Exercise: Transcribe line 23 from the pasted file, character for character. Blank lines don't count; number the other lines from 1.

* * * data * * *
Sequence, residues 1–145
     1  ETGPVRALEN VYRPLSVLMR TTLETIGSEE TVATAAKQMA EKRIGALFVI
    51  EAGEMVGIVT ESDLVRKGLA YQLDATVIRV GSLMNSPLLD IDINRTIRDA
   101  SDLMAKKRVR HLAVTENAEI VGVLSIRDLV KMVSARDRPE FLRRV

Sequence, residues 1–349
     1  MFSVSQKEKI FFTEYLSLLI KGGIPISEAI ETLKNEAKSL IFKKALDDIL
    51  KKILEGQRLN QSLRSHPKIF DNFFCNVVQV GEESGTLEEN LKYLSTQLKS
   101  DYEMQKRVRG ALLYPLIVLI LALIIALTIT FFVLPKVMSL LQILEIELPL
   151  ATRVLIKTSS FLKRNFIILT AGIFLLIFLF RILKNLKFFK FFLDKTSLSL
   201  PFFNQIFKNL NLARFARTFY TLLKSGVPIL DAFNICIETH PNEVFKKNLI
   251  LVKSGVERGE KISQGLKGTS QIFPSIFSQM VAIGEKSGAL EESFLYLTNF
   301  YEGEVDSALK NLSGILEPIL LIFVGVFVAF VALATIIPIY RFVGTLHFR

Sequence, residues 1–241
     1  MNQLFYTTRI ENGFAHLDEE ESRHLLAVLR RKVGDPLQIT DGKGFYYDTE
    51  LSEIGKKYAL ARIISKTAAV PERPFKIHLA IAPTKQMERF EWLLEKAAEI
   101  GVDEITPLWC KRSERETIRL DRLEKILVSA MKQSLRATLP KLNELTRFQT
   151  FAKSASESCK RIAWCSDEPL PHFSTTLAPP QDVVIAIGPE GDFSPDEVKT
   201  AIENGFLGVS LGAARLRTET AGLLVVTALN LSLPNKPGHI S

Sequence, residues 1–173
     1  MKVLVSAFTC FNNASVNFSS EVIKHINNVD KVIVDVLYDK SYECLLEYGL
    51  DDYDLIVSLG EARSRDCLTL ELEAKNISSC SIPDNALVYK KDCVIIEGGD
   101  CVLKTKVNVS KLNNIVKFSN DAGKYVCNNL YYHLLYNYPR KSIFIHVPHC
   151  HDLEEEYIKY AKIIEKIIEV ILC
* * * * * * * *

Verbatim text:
   151  HDLEEEYIKY AKIIEKIIEV ILC